Interior Minister Ahsan Iqbal suggested on Monday that some “hidden hands” are attempting to sabotage the democratic process in the country but that the nation would break the cycle [of political instability] “this time”.
In a post made on his Facebook page, Iqbal began by listing decades in Pakistan’s history that were alternately marked by either democracy or military rule.
“Our history: ’50s Democracy, ’60s Martial Law, ’70s Democracy, ’80s Martial Law, ’90s Democracy, ’00s Martial Law, ’10s Democracy,  ’20s ???” he wrote.
The minister said that Pakistan’s history has fluctuated between democracy and martial laws, adding that it has become a pattern.
“Some hidden hands and inertia of history are trying to drift the democratic process into [the] same old design,” he wrote in his post.
Iqbal questioned whether the country would be able to “break the cycle” of political instability or follow the same route [taken earlier].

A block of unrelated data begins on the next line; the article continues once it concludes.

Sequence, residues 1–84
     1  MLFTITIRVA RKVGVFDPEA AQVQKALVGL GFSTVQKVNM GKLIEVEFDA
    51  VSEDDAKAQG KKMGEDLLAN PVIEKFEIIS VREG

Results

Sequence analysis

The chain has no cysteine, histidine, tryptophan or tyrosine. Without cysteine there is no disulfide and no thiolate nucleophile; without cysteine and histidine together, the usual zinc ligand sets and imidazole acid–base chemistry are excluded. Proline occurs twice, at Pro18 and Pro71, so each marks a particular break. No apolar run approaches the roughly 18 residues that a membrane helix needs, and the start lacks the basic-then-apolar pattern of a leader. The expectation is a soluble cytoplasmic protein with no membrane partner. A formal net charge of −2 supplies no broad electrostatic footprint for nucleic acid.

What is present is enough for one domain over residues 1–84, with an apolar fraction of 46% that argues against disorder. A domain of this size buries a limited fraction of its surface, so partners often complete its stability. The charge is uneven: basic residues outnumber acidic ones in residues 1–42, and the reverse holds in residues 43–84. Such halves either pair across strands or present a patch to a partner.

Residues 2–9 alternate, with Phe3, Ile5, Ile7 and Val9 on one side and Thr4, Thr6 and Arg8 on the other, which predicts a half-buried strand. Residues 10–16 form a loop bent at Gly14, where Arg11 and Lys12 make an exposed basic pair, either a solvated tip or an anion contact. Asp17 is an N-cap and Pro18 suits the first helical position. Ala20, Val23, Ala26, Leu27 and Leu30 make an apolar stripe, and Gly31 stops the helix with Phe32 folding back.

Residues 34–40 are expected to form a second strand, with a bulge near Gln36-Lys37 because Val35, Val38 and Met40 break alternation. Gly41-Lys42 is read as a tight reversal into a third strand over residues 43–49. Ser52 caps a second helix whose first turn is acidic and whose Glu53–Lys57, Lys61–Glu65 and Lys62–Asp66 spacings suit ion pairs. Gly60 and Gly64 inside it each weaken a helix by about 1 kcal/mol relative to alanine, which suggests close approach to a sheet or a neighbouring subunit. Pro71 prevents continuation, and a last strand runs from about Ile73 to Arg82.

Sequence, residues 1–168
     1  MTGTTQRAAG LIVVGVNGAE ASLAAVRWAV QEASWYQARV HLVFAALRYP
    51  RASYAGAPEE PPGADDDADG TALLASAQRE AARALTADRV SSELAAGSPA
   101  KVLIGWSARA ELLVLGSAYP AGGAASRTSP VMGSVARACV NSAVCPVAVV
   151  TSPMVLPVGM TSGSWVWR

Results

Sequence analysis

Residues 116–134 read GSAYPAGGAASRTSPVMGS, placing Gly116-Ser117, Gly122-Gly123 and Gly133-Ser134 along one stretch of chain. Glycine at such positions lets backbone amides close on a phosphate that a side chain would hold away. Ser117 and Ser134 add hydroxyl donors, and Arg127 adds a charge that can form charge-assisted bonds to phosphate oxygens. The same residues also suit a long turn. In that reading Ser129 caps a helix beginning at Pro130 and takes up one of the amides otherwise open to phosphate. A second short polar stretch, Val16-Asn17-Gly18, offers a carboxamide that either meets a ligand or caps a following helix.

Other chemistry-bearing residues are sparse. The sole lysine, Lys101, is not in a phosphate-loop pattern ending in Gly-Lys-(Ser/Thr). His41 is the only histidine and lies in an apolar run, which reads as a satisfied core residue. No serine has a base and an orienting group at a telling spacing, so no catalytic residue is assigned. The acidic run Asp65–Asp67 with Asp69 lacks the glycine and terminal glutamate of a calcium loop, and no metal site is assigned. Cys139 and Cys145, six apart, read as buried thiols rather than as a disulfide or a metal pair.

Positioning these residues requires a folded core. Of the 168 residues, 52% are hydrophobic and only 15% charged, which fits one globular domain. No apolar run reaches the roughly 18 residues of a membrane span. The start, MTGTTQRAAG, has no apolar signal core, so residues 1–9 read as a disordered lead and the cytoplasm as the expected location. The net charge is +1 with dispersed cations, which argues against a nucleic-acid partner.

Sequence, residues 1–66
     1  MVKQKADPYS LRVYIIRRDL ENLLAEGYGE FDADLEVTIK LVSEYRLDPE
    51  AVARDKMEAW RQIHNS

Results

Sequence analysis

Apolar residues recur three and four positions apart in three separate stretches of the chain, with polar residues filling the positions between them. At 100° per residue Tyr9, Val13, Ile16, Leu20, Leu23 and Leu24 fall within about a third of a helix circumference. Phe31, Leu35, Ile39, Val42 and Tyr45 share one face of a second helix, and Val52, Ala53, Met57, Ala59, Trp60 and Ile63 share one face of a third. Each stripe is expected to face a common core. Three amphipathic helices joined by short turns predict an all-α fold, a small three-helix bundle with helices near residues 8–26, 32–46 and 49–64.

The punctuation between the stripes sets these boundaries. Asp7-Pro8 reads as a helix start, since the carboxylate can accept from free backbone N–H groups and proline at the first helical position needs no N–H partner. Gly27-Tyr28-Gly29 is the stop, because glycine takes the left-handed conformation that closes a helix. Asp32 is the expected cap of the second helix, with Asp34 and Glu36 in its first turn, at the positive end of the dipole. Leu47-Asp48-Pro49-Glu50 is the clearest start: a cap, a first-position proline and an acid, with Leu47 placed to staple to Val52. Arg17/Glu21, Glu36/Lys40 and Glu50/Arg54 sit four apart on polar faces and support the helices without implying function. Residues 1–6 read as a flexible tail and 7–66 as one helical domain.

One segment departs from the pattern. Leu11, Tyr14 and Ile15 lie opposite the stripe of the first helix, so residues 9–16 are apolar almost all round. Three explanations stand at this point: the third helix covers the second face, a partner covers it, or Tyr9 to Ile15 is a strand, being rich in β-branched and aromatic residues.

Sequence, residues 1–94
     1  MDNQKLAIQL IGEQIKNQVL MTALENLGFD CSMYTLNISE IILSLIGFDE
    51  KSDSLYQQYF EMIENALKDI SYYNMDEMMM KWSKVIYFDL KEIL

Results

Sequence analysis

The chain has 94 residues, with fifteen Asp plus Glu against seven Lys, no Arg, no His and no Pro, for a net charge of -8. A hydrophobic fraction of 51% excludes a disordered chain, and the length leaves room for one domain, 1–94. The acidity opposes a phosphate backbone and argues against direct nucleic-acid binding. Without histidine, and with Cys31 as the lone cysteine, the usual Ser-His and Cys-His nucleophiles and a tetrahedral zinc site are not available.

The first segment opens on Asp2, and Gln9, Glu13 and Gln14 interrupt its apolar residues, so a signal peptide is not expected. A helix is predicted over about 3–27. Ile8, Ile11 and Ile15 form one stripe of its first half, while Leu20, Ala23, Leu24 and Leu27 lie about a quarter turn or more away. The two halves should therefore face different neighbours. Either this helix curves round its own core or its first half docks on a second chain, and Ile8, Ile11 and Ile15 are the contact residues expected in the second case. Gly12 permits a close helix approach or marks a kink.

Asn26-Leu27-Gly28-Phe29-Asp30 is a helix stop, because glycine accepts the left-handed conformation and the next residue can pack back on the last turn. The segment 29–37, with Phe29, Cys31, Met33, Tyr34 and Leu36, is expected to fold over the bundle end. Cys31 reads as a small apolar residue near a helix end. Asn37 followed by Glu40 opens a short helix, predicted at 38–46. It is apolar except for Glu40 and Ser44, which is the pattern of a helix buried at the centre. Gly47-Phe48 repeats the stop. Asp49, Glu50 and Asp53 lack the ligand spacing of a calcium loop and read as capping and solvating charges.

He then expressed hope that “the cycle will break this time” as the country, “except a troika of failed politicians, disgruntled media anchors, and a few retired servicemen”, is committed to securing the democratic process.
“We can’t compromise on our future and the tide of Rising Pakistan!!!” he concluded.
In response to a comment about the role of PML-N — Iqbal’s party — in the imposition of martial law by Ziaul Haq, the dismissal of Benazir Bhutto’s government and the removal of Yousuf Raza Gilani, Iqbal said that mistakes had been made by all sides in the past.
“We all made mistakes in the past, even PPP conspired against us with [the] establishment, therefore COD [Charter of Democracy] was signed. We need to move forward.”
‘Democracy is reigning supreme’
The minister’s statement comes at a time when the top leadership of the PML-N has converged on the British capital ahead of what is billed as a key consultative meeting that will decide both the party’s and the government’s position on what steps to take next.
Denying tensions between state institutions, Iqbal had claimed on Saturday that certain segments of the media and the army, and some “failed” politicians, were trying to create the perception of a standoff in order to further their own agenda.
Iqbal had alleged that some disgruntled elements wanted to pit the PML-N against the army. “They will never succeed in materialising their nefarious designs,” he had said.
“Democracy is reigning supreme in the country and the next general elections will be held on time.”